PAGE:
Technology, Collaboration, and Learning: Perceptions and Effectiveness of US Public Library Staff Professional Development


  • Michael Stephens School of Information San Jose State University
  • Stacey A Mitchell
  • Ari Zickau



organizational development, learning, staff development, public libraries


The primary purpose of this study was to investigate the preferences and perceptions of professional development (PD) activities for public library staff. The survey instrument was distributed to public librarians and paraprofessionals throughout the United States. Beyond the challenges of time and money, a picture emerged from the data of what might best serve the needs of librarians and paraprofessionals for PD. Staff want to feel encouraged and supported about learning for their jobs. The chance to network and meet in groups is preferred by most respondents with short webinars and online learning filling in the gaps, especially if content goes beyond the usual introductory level. From these findings, it is possible to suggest three “action plans” for improving PD for public library professionals and paraprofessionals. These plans include: developing structured and supported PD programs as part of public library administration, promoting a culture of learning throughout the institution, and participating in and contributing to state and regional opportunities for PD of public library staff.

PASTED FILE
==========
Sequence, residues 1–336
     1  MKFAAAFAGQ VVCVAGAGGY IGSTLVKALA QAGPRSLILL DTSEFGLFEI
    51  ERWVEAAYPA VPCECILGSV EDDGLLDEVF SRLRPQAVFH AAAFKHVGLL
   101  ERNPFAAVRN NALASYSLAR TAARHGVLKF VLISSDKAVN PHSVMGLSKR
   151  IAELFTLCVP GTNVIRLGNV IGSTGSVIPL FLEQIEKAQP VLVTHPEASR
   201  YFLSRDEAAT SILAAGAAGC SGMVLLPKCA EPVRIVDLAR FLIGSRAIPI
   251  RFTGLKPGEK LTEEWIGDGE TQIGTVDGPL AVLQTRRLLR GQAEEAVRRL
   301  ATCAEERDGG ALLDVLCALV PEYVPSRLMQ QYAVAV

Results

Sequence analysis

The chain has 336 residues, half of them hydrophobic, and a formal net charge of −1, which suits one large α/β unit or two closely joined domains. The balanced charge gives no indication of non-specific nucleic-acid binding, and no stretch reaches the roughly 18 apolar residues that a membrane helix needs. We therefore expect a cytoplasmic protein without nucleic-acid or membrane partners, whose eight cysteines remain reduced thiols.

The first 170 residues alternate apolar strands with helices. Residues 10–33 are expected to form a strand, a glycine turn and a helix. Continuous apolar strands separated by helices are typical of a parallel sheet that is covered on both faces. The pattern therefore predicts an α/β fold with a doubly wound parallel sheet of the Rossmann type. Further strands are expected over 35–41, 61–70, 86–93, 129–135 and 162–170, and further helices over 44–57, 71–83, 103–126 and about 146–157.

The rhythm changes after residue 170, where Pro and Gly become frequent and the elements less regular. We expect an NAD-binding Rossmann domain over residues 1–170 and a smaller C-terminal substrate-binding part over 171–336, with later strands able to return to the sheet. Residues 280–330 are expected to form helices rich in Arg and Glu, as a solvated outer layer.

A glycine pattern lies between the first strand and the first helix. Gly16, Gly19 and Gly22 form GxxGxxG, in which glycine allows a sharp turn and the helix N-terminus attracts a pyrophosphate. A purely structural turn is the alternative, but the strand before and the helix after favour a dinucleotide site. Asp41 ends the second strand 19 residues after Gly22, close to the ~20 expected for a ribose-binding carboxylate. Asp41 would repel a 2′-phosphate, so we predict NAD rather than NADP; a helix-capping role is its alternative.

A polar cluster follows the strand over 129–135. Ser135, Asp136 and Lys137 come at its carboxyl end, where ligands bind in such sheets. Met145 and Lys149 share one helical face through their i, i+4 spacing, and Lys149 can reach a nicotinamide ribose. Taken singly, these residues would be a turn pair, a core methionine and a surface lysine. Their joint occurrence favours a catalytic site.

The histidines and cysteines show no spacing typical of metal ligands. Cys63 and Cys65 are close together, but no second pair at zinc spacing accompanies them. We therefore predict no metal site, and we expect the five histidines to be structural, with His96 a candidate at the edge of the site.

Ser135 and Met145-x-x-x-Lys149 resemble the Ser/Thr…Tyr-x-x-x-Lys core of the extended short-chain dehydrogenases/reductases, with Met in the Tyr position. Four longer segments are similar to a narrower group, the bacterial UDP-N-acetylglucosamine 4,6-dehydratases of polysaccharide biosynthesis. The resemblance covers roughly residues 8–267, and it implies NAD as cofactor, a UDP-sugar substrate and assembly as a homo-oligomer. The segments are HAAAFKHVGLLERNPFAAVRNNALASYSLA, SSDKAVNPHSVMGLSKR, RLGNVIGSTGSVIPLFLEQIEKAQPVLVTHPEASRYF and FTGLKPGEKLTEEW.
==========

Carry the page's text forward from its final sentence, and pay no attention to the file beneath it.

Author Biographies

Michael Stephens, School of Information San Jose State University

Dr. Michael Stephens is Associate Professor in the School of Information at San José State University.

Stacey A Mitchell

Business Reference Associate at Kansas City (MO) Public Library and a graduate of San Jose State University's School of Information

Ari Zickau

Public librarian specializing in creative adult programming and outreach in Boise, ID and a graduate of San Jose State University's School of Information






Peer Reviewed